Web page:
And that's pretty much what lies at the heart of the Astravan's appeal. It's quick, and holds it own on the toughest of motorways. And every driver out there probably has a memory or two of a hard-driven Astravan seeing them off in the outside lane. Of course, there is more to the Astra's appeal than its sheer driving appeal - after all, it's surprisingly commodious for a car-derived van, and in terms of servicing and maintenance, there's little that could touch it at the price.

But all good things must come to an end - and the market overtook the Astra. In an era of an increasing number of manufacturer joint ventures, and more purpose-built small vans, the Astravan, which was effectively a panelled in estate car, could no longer compete. Especially as it was based on a car that had been out of production for three years. The Astravan had been beaten comfortably in terms of loading space, sheer economics, by vans such as the Ford Transit Connect and Fiat Doblo. And that's why Vauxhall has launched the (Fiat-derived) Combi to replace it, and move with the times.

It's clearly the right thing to do for Vauxhall, as we don’t have a need for vans like the Astra any longer, even if those new to vans found them friendly and unintimidating. In the end, times have changed and demand for the Astravan has gone the way of the companies whose logos once proudly adorned its flanks - Visionhire, Rediffusion and VHS rentals… But we're still sad to see it go. Farewell to a British institution.

Vauxhall Astravan 2012 (2)

The Astravan family tree

Beford Astra Van Mk1
1981-1985


The Astra Mk1 really was big news for Vauxhall when it was launched in 1980. It was the company's first front-wheel drive production car, and earned itself quite a following thanks to keen dynamics and good value pricing. The first cars were imported from Germany - but when it went into production at Ellesmere Port in 1981, a Bedford-badged van version was launched. Its stiffest rival was the Escort, and in those early days, the Ford product easily outsold it.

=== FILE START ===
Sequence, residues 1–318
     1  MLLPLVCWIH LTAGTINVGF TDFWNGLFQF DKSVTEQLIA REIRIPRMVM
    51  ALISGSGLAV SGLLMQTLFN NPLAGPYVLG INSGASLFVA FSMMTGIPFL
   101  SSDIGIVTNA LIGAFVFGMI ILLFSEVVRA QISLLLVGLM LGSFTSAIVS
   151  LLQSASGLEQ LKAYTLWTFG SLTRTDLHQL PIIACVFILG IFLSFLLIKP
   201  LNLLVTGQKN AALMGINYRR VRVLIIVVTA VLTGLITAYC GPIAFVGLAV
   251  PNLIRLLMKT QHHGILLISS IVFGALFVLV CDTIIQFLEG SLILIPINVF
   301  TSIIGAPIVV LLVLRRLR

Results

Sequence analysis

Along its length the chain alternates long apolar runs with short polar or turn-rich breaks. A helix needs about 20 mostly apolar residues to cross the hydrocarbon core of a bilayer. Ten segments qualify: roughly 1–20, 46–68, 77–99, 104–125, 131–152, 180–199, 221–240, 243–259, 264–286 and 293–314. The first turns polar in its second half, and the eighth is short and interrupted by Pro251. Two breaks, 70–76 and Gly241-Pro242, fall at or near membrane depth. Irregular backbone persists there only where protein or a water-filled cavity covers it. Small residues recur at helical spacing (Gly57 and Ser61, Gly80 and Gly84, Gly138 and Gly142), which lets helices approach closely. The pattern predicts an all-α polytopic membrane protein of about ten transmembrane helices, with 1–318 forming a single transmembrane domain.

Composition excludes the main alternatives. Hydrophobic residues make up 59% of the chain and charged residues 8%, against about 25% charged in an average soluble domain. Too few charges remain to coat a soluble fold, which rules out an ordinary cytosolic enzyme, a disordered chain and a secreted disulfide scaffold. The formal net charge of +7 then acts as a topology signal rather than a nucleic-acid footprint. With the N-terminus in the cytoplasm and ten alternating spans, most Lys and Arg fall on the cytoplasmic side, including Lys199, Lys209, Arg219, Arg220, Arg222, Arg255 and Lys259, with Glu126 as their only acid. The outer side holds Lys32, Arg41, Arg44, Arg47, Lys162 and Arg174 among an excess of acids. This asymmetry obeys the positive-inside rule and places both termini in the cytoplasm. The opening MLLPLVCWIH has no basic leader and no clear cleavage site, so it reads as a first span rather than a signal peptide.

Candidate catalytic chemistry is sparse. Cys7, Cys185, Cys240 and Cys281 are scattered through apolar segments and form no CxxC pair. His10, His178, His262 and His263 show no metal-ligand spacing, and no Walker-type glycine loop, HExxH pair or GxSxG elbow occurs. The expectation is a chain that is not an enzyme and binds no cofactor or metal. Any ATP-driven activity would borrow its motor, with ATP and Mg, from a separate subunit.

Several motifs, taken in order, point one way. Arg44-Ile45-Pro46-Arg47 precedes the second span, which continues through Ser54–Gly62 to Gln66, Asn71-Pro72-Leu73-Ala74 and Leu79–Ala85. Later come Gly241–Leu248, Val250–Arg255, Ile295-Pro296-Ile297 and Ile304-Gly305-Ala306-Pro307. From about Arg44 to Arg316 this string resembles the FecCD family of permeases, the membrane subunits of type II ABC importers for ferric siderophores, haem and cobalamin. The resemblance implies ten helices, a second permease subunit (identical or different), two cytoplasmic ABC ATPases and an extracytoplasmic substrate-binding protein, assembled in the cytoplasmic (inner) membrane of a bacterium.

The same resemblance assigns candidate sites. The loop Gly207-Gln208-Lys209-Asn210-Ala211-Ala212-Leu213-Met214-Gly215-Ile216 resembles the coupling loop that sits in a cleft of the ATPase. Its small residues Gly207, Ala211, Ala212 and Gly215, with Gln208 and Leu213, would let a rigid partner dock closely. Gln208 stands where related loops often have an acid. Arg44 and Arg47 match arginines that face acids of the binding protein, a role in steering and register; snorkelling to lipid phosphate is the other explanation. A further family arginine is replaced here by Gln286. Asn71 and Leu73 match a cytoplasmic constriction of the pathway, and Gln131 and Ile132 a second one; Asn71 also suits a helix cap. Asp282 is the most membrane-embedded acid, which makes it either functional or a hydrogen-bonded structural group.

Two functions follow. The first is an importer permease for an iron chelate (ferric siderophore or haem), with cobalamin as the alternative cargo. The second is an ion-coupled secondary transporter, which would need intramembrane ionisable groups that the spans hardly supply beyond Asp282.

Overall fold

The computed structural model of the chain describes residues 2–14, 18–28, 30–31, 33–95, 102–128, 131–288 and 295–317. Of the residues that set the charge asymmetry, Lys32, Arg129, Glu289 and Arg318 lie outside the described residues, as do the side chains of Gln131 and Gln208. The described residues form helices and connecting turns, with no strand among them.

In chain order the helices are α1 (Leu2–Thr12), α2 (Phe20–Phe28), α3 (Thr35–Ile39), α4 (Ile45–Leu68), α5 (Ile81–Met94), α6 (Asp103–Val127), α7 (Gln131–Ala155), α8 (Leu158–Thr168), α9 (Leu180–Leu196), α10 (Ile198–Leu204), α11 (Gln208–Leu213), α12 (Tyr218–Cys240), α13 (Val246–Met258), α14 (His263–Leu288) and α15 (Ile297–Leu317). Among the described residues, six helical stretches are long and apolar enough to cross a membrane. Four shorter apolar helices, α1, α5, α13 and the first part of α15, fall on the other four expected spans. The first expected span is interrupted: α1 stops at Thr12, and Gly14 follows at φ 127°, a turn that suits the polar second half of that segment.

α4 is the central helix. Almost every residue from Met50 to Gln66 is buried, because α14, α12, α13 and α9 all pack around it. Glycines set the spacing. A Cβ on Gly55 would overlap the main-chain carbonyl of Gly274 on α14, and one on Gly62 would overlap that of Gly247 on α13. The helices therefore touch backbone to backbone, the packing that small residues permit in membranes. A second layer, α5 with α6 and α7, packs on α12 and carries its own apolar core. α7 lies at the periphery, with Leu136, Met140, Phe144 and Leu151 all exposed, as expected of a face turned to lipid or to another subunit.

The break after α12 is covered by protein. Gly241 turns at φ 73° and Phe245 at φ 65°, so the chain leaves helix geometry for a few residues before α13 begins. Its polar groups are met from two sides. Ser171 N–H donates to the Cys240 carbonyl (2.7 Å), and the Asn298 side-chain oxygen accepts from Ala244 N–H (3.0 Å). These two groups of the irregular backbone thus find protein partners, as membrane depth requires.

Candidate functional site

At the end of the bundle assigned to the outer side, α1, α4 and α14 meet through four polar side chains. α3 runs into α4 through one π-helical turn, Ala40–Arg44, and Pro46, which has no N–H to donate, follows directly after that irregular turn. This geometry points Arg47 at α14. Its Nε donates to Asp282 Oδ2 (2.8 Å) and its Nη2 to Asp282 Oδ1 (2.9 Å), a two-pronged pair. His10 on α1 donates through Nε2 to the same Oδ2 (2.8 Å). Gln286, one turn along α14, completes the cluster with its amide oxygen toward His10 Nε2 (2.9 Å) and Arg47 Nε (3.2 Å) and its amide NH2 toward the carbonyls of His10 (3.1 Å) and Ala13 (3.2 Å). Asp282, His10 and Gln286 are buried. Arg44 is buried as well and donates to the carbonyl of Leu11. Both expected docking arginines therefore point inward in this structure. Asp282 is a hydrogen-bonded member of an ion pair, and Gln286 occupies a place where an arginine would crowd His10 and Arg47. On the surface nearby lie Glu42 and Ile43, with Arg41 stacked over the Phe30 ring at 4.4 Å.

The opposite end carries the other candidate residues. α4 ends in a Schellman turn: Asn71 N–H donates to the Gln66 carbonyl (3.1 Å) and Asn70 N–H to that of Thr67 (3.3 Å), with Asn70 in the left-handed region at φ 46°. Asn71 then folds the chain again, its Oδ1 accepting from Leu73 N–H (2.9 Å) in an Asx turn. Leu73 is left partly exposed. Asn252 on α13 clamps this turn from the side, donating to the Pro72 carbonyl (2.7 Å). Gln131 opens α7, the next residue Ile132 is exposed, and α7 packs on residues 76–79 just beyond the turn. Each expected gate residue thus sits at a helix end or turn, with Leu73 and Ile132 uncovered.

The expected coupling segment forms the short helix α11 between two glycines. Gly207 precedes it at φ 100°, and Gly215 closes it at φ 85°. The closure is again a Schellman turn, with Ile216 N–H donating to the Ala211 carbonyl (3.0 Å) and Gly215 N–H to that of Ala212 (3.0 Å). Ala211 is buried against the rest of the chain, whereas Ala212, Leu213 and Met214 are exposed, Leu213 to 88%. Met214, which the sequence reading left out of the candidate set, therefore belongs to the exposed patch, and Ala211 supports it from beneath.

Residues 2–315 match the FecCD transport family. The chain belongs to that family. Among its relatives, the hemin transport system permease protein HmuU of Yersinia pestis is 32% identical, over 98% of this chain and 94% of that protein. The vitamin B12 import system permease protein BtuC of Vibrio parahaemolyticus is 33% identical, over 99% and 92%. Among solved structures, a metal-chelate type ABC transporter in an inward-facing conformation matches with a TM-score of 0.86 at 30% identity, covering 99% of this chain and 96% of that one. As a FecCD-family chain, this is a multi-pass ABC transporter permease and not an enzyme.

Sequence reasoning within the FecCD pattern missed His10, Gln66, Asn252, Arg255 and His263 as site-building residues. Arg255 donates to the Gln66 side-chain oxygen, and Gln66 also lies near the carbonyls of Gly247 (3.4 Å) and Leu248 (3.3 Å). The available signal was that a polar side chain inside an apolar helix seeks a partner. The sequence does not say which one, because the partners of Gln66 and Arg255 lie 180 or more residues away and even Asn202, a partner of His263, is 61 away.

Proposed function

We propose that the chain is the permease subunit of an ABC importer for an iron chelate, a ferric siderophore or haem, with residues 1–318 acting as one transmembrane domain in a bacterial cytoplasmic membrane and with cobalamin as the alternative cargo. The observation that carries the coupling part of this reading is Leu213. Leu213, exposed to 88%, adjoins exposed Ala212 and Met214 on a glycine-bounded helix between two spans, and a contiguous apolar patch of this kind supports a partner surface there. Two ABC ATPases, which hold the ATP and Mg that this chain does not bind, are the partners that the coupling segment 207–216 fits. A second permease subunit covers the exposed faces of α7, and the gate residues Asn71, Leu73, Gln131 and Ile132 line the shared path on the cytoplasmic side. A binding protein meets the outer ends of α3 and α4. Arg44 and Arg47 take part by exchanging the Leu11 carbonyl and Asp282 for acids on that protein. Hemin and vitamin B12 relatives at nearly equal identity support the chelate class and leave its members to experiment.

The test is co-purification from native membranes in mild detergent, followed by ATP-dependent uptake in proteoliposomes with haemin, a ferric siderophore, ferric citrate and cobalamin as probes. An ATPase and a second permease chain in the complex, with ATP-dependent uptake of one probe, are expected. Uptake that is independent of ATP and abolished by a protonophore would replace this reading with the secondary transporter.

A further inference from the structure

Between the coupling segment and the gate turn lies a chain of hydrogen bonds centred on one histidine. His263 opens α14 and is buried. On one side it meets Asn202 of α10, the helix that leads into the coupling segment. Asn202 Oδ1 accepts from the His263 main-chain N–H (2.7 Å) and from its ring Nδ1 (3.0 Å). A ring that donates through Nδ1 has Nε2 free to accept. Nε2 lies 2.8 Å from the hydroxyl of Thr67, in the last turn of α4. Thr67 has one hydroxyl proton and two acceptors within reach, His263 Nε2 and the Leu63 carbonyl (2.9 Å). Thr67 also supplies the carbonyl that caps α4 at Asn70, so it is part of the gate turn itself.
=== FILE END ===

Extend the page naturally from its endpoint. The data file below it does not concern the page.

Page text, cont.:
Bedford Astra Van (1)

 

Bedford Astravan/Astramax Mk2
1985-1991


The egg-shaped Astra Mk2 was always going to be an improvement on the short-lived Mk1. For one, it was more aerodynamic, so could go faster on the motorway… A big change for the Mk2 was the arrival of the high-bodied Astramax, which offered twin-rear doors and a much larger load area. In 1986, the Bedford name was dropped. Soon proved extremely popular - and was soon parodied by Top Gear for being the world's fastest 'car'.

Bedford Astra Van (2)

 

Vauxhall Astravan Mk3
1991-1999

The 1991 Astra was an altogether more grown-up propostion than what came before it, gaining a sturdier interior, updated (and fully-engine managed) power units and a new 1.7-litre turbodiesel developed by Isuzu. But sadly, the Astramax derivative was dropped in favour of the smaller Vauxhall Corsa Combo. Still popular with fleets who needed a smaller delivery van, but facing tough opposition from the 1990 Ford Escort.

Vauxhall Astra Van (3)

 

Vauxhall Astravan Mk4
1999-2005

Another impressive update of the Astravan, and one that centred on the driving experience - which was vastly improved over the previous generation, thanks to chassis input from Lotus. Once the Ford Escort van went out of production in 2002, the Astravan pretty much had the UK's car-derived van market to itself.

Vauxhall Astravan (4)

 

Vauxhall Astravan Mk5
2005-2012

The final Astravan, and easily thebest of them all. Good to drive, fast, economical, and according to those who maintain them, impressively solid and reliable. Vauxhall really got into the spirit of the fast Astra, offering VXR-style bodykits and wheels - and buyers loved them.

Vauxhall Astravan (5)

 Read more on the Vauxhall Astravan 

Comments

Jimbo    on 29 July 2013

I have a 1.9cdti sportive astravan mk5 and i am gutted they aren't doing another one.

Howard    on 18 August 2013

I've bought Astravans since the mid 80s. I'm mortified! There's nothing out there for me now. I want a fast, stylish van I can use for business and pleasure. All vans now look like they were designed by the people at Trumpton. Come on Ford, VW or Toyota etc. give us the new successor to the Astravan.